Forskning ved Københavns Universitet - Københavns Universitet


MT1-matrix metalloproteinase directs arterial wall invasion and neointima formation by vascular smooth muscle cells

Publikation: Bidrag til tidsskriftTidsskriftartikelForskningfagfællebedømt

  • Sergey Filippov
  • Gerald C Koenig
  • Tae-Hwa Chun
  • Kevin B Hotary
  • Ichiro Ota
  • Thomas H Bugge
  • Joseph D Roberts
  • William P Fay
  • Henning Birkedal-Hansen
  • Holmbeck, Kenn
  • Farideh Sabeh
  • Edward D Allen
  • Stephen J Weiss

During pathologic vessel remodeling, vascular smooth muscle cells (VSMCs) embedded within the collagen-rich matrix of the artery wall mobilize uncharacterized proteolytic systems to infiltrate the subendothelial space and generate neointimal lesions. Although the VSMC-derived serine proteinases, plasminogen activator and plasminogen, the cysteine proteinases, cathepsins L, S, and K, and the matrix metalloproteinases MMP-2 and MMP-9 have each been linked to pathologic matrix-remodeling states in vitro and in vivo, the role that these or other proteinases play in allowing VSMCs to negotiate the three-dimensional (3-D) cross-linked extracellular matrix of the arterial wall remains undefined. Herein, we demonstrate that VSMCs proteolytically remodel and invade collagenous barriers independently of plasmin, cathepsins L, S, or K, MMP-2, or MMP-9. Instead, we identify the membrane-anchored matrix metalloproteinase, MT1-MMP, as the key pericellular collagenolysin that controls the ability of VSMCs to degrade and infiltrate 3-D barriers of interstitial collagen, including the arterial wall. Furthermore, genetic deletion of the proteinase affords mice with a protected status against neointimal hyperplasia and lumen narrowing in vivo. These studies suggest that therapeutic interventions designed to target MT1-MMP could prove beneficial in a range of human vascular disease states associated with the destructive remodeling of the vessel wall extracellular matrix.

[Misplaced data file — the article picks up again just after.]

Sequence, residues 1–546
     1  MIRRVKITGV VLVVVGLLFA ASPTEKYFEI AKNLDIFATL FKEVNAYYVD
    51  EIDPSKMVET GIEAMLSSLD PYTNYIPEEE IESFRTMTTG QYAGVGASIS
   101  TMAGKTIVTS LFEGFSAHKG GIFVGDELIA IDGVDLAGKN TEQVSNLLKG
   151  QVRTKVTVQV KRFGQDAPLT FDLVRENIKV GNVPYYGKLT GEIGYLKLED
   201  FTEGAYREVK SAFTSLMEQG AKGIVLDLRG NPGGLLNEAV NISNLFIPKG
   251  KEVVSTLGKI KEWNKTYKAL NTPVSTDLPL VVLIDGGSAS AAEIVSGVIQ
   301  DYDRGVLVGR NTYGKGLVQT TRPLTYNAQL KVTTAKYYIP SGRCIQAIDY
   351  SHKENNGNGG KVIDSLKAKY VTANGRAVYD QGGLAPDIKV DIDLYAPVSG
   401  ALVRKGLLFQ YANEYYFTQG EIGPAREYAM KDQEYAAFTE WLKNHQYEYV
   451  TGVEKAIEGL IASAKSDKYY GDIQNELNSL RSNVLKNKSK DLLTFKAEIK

TidsskriftThe Journal of Experimental Medicine
Udgave nummer5
Sider (fra-til)663-71
Antal sider9
StatusUdgivet - 5 sep. 2005

ID: 201165364